If you keep up with space and science news — or, more specifically, news related to asteroids and other threats from space — you’ve probably heard the name Apophis before. In fact, the name alone may be enough to send a chill down your spine, and with very good reason. The space rock known as 99942 Apophis has repeatedly popped up in news articles since its discovery in 2004. The asteroid is one of the more credible threats to Earth and, as scientists continued to study its path through space, they couldn’t rule out a collision with Earth in the years to come.
Eventually, astronomers were able to say with certainty that the rock wouldn’t hit us in 2029 during its next particularly close pass. A strike in the year 2036 was also eventually ruled out, but the year 2068 still held the possibility of a collision between our planet and the beefy space rock. Now, thanks to additional observations of the asteroid from earlier this month, scientists have also ruled out the would-be collision in 2068, paving the way for a quiet 100+ years.
Apophis is large, but at around 1,100 feet wide, it’s not a planet-killer. Nevertheless, an impact from an asteroid of that size would cause incredible damage, especially if it struck near a population center. A landing in the ocean would also be problematic, as it could generate devastating tidal waves and vaporize a whole lot of water.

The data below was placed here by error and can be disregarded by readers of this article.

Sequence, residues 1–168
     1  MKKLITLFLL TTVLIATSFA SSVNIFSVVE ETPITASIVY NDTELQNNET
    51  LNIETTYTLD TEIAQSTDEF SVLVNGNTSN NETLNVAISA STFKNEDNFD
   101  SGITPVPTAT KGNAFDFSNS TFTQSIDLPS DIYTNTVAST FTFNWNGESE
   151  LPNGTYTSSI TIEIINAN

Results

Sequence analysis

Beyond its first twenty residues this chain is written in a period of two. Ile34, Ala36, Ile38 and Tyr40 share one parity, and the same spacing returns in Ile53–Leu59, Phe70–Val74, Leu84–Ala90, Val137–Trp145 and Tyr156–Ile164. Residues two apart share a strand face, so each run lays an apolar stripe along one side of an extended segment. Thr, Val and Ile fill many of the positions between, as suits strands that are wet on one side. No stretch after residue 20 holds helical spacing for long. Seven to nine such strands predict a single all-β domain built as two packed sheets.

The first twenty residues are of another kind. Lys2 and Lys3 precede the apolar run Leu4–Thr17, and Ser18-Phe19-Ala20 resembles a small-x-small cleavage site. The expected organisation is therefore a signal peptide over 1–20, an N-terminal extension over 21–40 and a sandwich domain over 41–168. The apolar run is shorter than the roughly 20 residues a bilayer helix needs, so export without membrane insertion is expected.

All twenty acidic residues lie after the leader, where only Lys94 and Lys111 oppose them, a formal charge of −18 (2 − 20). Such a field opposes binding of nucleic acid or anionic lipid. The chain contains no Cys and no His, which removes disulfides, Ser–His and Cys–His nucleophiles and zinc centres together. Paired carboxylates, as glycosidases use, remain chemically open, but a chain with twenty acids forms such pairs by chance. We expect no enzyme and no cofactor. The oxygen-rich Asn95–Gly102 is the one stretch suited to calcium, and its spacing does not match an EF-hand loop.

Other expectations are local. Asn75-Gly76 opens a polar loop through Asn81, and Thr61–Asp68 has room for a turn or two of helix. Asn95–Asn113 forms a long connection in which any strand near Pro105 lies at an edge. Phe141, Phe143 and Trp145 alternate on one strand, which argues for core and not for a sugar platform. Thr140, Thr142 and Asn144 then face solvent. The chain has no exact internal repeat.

To give you some additional context on size, the asteroid that is widely believed to have triggered the mass extinction that wiped out the dinosaurs is estimated to have been somewhere between 6 and 10 miles in diameter. Even that colossal crash didn’t wipe out all life on Earth, but if an asteroid of that size struck today it would put our species in a very, very tough spot.
Apophis is much smaller than that, but it still poses a threat and occupies a spot on NASA’s list of potentially hazardous asteroids.
“A 2068 impact is not in the realm of possibility anymore, and our calculations don’t show any impact risk for at least the next 100 years,” Davide Farnocchia of NASA’s Center for Near-Earth Object Studies said in a statement. “With the support of recent optical observations and additional radar observations, the uncertainty in Apophis’ orbit has collapsed from hundreds of kilometers to just a handful of kilometers when projected to 2029. This greatly improved knowledge of its position in 2029 provides more certainty of its future motion, so we can now remove Apophis from the risk list.”
Not having to worry about Apophis for the rest of our lifetimes is obviously great news. It’s not the only asteroid out there, of course, but it was one of the most threatening. We can thank the scientists who tirelessly scan our skies for that peace of mind.